I have occasionally practiced at what I call "Chop Shop Songwriting". You take an existing melody that has a "feel" you like, or fits the lyrics you have, then change the body lines, file off the serial numbers, and give it a new coat of paint. Voila! New song.
By "change the body lines...", I mean you start with the existing tune's basic structure (chord progression, where the melody goes higher or lower, where there are significant jumps in rhythm or pitch, etc). Then tweak those so it's a different tune (ascending notes vs. descending, make the interval between two notes into a fifth rather than a third, swing it from 4/4 time into 6/8, whatever). Sometimes you can take a printed score & turn it upside down to come up with something new - I have heard a legend that the main theme from the first Star Wars movie is based upon "Born Free" in this fashion. And don't the opening bars of "The Ballad of Gilligan's Island" sound just a wee bit like "Spancil Hill"?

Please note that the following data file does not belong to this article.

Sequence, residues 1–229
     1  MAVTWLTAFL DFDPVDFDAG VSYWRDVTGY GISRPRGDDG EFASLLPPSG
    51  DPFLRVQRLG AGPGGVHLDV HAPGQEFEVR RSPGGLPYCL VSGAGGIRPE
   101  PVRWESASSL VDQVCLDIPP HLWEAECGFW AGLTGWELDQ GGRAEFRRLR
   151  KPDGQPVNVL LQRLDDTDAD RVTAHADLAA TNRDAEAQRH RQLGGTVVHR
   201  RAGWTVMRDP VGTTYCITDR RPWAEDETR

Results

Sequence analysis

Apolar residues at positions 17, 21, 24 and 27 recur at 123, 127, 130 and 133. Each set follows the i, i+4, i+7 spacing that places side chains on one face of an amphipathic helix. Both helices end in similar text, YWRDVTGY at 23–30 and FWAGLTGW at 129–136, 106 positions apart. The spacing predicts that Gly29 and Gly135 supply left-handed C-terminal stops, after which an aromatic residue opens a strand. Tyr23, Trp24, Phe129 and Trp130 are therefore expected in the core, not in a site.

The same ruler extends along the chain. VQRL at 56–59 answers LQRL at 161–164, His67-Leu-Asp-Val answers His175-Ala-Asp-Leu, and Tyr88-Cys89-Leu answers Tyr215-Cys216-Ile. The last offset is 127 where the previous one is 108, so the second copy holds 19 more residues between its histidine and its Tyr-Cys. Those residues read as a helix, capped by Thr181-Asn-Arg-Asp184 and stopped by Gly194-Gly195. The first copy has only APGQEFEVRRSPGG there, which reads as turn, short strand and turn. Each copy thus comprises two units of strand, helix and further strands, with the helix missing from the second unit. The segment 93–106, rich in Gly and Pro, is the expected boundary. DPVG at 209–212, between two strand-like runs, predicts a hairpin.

1. be sure to change things enough so there is no doubt that it is a different composition from the original. You must apply some creativity if you want to claim something as your own.
2. you still have to apply a sense of aesthetics to the result, and tweak it until it sounds good.
This is sort of codifying and structuralizing (is that a word?) the process of taking inspiration from an existing work. How many songwriters can truthfully claim they never incorporate melodic ideas they have heard elsewhere? Most of us listen to music we think is "good" and try to make something that is "as good".
Is this the best way to create new and unique melodies? Maybe not - but it can be a fun and perhaps useful exercise for developing the CRAFT of songwriting to go along with the ART of songwriting. It also helps to develop a recognition of what elements make a melody "work". Inspiration is a fine and necessary thing, but most of the time it must be coupled with some skill to bring the inspiration into reality. Just as performance benefits from practice, so too does writing.